1 Carbon capture and storage
2 Dry tailings instead of wet
3 Reducing the overall water usage of the plants
4 Clamping down on the level of acidifying emissions
5 Establishing large areas of boreal forest that are off limits
The beauty of the boreal forest that surrounds Fort
McMurray and covers most of northern Alberta lies in its
magnitude, but once you arrive at oil-sands central, what you
see is a landscape erased, a terrain stretching in a radius of
many hundreds of square kilometres that is not so much negatively impacted as forcibly stripped bare and excavated.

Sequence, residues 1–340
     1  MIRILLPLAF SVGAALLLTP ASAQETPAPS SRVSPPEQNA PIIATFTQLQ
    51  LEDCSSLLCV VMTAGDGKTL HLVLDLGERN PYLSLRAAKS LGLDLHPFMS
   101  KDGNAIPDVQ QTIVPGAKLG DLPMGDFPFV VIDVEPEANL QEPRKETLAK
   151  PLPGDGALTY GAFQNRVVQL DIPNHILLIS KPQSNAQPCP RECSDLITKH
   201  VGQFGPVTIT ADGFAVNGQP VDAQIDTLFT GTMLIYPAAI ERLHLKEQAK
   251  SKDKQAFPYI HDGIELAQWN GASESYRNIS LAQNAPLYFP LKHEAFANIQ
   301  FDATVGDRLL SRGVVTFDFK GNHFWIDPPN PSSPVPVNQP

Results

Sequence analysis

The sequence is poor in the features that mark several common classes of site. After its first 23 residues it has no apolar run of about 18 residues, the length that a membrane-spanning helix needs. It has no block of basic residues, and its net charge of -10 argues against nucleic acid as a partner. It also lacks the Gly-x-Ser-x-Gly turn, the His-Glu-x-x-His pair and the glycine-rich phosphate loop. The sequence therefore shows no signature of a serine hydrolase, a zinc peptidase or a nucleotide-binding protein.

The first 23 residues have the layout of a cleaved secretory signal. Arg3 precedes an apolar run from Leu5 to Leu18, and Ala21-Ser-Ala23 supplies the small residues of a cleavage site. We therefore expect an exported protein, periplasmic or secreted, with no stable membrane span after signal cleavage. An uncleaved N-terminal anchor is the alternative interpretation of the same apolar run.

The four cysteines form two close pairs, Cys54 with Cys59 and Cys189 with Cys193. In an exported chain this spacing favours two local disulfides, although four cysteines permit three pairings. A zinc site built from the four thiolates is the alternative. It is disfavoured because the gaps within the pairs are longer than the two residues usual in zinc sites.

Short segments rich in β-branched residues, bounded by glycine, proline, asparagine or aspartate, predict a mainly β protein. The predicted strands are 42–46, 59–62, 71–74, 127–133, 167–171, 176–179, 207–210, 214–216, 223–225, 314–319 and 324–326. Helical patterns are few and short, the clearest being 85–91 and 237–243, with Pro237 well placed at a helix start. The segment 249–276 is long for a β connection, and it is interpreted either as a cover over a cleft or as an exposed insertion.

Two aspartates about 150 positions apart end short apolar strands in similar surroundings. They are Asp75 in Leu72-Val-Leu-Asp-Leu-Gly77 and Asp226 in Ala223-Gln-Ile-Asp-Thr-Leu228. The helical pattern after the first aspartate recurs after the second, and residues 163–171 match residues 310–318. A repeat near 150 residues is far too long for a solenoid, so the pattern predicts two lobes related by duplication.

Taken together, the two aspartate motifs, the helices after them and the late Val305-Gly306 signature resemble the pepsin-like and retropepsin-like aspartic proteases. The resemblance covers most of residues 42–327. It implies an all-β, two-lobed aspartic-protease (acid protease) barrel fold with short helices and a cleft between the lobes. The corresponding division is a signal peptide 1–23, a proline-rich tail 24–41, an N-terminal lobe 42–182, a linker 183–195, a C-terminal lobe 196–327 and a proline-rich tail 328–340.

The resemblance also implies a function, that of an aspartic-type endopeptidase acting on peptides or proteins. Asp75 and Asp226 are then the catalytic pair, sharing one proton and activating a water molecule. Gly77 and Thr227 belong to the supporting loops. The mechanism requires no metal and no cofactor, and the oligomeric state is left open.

Dominating this landscape are half a dozen giant extraction
and refining plants with their stacks and smoke and fire, disorientingly wide and deep mines, and tailings ponds held in check by some of the world’s largest dams. As a panoramic vision, it’s all rather heartbreaking but, if one is forced to be honest, also awe-inspiring, such is the energy and the damage produced by human ambition.
Yet despite how important, and how environmentally
divisive, the oil sands have become in today’s politically
charged energy domain, the early and even fairly recent
days of this resource were decidedly humble. In fact,
although it’s been a century or so since people first began trying to exploit the resource, it wasn’t until the mid-1990s that the Athabasca oil sands were launched on today’s bitumen